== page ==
Here are some pictures from the 1970s. The pic of Wade Meyers and me was taken in January 1974, just before he drove me to the airport (in his VW "Peace" bus) to fly to Cambridge for Multics training at Honeywell's Cambridge Information Systems Laboratory (CISL) in Tech Square. A very memorable stay. Dave Vinograd was assigned to mentor me and Alan Bier.
I recall that the company put me up at a Howard Johnson's hotel on Memorial Drive, overlooking the Charles. I would log in every night for 4-5 hours online on the CISL machine, using my TI "portable" (about 50 pounds I think) terminal. The management of the hotel asked me to stop by and pay the hotel bill at the end of the first 6 weeks there. When the desk manager pulled up my room bill, it showed over $800 in phone charges (I had misread the sticker on the room phone -- it said 10 cents per MINUTE on local calls.) I nearly fainted, thinking I was sure to be fired.
The desk manager looked at the total, scratched his head and said something like, "Well, this can't be right. Nobody uses a phone that much, unless it's off the hook. About how many local calls per day did you make?" I told him the truth -- no more than 3 or 4 (we had relatively frequent service disruptions), not mentioning the length of the typical usage. He charged me $10, I believe, and I was SAVED. Alan Bier used the same ploy, I believe.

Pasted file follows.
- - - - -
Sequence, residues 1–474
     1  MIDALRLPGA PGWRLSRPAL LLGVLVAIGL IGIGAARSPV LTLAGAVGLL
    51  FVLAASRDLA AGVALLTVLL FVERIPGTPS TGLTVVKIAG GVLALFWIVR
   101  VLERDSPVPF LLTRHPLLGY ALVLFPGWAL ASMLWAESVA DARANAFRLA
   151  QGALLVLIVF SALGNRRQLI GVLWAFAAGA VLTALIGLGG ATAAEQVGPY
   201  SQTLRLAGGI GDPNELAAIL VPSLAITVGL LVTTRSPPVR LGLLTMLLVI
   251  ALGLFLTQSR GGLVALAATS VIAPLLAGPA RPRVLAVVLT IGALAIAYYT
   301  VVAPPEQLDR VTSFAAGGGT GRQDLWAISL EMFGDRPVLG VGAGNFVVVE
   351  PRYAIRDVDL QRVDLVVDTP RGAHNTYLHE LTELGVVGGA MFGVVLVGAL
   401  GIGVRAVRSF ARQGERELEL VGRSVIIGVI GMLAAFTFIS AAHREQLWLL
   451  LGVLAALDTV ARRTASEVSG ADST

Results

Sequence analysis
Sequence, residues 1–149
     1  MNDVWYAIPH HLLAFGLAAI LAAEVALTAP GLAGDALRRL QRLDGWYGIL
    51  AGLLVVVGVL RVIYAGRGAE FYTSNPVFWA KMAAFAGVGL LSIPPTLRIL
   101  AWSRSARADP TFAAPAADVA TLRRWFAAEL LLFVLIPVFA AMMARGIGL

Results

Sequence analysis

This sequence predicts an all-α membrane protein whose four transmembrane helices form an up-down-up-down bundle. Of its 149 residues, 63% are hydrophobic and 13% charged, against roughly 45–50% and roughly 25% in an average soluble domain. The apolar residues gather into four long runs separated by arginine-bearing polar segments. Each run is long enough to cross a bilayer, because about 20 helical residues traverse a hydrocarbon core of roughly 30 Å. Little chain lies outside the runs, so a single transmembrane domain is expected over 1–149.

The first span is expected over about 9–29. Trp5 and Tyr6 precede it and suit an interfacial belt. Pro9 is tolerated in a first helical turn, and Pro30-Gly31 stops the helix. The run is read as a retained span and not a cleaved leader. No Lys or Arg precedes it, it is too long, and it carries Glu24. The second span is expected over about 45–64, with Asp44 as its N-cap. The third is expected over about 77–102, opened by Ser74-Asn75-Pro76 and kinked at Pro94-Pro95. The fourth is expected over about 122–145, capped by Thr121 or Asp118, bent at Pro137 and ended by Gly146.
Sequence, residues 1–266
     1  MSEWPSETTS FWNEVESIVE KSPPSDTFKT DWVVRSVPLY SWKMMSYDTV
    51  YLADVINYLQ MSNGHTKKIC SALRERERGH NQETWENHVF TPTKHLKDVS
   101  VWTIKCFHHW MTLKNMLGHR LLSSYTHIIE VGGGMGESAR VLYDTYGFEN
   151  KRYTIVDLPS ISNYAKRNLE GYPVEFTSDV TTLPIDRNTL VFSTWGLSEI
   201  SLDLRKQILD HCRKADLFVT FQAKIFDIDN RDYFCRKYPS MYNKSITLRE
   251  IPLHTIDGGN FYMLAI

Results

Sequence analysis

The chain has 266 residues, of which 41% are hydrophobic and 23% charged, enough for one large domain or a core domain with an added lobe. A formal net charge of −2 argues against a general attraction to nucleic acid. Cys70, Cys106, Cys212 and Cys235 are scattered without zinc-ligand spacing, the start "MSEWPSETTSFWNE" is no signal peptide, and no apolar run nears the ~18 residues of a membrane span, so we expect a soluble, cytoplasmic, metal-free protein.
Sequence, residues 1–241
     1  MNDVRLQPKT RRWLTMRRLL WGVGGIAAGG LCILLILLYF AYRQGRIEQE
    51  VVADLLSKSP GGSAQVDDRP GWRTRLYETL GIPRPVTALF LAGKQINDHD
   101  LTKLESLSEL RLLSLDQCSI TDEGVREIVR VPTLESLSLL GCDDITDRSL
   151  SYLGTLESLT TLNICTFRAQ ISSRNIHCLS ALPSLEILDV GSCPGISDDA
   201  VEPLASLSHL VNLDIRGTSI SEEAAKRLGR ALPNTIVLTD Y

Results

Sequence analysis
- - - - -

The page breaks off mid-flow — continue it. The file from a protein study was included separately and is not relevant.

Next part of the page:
I think it was May of 1974 that we carried the first Multics system tapes to Phoenix to start up the local service there on System M. For about 18 months, I managed O/S installations at the Camelback facility and ported a number of software packages to Multics for the AFDSC contract, including converting testing and maintaining language processors for Cobol, Jovial, Algol, and several strange versions of APL. Somehow I also picked up support responsibilities for LISP. I think it was the total incoherence of the LISP macros that Bernie Greenberg kept sending me that convinced me to move into marketing.
As I recall, Bernie called it a wise move, too.
Click either photo for a larger view.